We know there are people out there who can hit the New York Yankees. Little did we know that a lot of them were former Bronx Bombers.

I’ve looked at the players that have killed all New York Yankees over the years. You know them, the batters that shelled Yankee pitching and the pitchers that have blanked Yankee batters.

Trust me, there are plenty. This time, I’m going to look into former Yankees that have performed well against their former team from the Bronx. And trust me, this list shows that some of these guys might be more dangerous playing against them then they were playing on the Yankees.

A lot of these players started their careers in the Bronx while others joined in later, only to leave for a different team for whatever reason. Regardless, they all boast high batting averages against the Yankees every time they face them.

So, without further adieu…here are six of the biggest former Yankees who transformed from Yankee favorites to Yankee killers with a minimum of 20 games.

6. Dave Winfield

Winfield started his career in 1973 with the San Diego Padres and took the flight to the Bronx in 1981, lasting nine years with the Yankees before he was traded to the California Angels.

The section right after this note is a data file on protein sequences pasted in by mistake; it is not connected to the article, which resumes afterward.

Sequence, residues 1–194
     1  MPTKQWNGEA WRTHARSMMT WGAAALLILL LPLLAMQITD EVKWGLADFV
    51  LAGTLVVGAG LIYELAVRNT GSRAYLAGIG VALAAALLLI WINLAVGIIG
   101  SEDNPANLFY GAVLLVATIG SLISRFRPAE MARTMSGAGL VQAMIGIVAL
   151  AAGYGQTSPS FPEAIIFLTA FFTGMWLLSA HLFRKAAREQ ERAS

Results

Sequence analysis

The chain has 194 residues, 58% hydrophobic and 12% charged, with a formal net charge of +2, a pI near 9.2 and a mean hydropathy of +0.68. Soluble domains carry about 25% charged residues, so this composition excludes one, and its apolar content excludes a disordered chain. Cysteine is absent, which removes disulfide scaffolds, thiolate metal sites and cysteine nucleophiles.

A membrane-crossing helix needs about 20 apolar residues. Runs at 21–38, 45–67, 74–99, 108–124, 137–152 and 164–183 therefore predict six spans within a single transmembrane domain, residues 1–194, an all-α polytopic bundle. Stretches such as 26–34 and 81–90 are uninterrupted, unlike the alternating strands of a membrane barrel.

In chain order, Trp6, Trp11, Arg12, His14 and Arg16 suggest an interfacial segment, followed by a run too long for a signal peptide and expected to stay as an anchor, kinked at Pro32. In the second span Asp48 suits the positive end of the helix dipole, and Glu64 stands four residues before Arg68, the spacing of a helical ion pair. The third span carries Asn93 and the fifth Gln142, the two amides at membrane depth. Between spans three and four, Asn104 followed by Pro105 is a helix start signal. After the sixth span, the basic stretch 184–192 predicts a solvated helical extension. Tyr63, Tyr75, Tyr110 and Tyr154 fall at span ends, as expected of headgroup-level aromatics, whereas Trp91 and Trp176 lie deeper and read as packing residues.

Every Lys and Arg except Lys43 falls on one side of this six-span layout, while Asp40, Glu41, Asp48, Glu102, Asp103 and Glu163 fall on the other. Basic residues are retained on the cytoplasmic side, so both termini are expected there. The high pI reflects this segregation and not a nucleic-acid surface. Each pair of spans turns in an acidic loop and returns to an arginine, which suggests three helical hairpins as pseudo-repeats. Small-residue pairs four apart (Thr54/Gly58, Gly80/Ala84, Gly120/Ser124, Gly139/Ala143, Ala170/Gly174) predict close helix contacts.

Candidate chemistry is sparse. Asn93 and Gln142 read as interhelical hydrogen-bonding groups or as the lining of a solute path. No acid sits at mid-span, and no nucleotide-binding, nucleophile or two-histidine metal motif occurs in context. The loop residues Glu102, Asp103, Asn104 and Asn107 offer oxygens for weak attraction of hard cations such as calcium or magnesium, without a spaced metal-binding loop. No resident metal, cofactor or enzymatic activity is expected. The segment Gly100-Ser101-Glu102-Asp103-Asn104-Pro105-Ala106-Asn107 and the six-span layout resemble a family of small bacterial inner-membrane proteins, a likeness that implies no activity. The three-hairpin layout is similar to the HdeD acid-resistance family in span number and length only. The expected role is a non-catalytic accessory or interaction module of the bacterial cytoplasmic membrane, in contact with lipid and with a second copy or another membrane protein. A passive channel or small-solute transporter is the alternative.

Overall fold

Winfield turned up his game after he left, especially against his former team. Maybe it was the hatred stemming from the feud that exploded with George Steinbrenner over his contract or maybe he just knew what the Yankees were going to throw him. Regardless, he did pretty well.

A career .283 hitter, Winfield batted .298 against the Yankees in 54 games, hitting four home runs in the process. While his batting average wasn’t over .300, he still had a pretty good showing against his former team.

Let’s just say the Yankees would rather have him on their team than play against him in the years after he was traded. Oh well, I guess lessons were learned.

ST. LOUIS, MO – AUGUST 10: Melky Cabrera #53 of the Kansas City Royals hits a two-run triple against the St. Louis Cardinals 5 at Busch Stadium on August 10, 2017 in St. Louis, Missouri. (Photo by Dilip Vishwanat/Getty Images)

5. Melky Cabrera

The Melk Man left the building in 2010. Since then, he’s been a pain in the butt for the Yankees.

Melky has played 50 games against the Yanks since leaving. In those 50 games, he has hit nine home runs in 199 at-bats. He also has a .302/.349/.508 line against his former friends.

Now a foe, Cabrera has been a nightmare for the Yankees. Can you imagine if he stayed in the Bronx?

As a Yankee, he batted .269 in five years. Is it possible that the Yankees gave up on him too soon? It’s too late now, as he’s consistently hitting them every time they play.

4. Wilson Betemit

Betemit spent two seasons in the middle of his career with the Yankees. Prior to that, his major league experience was in the National League.

In his two seasons in the Bronx, Betemit was a solid hitter and utility player, batting .253 with 10 home runs. Against the Yankees, it was a completely different story.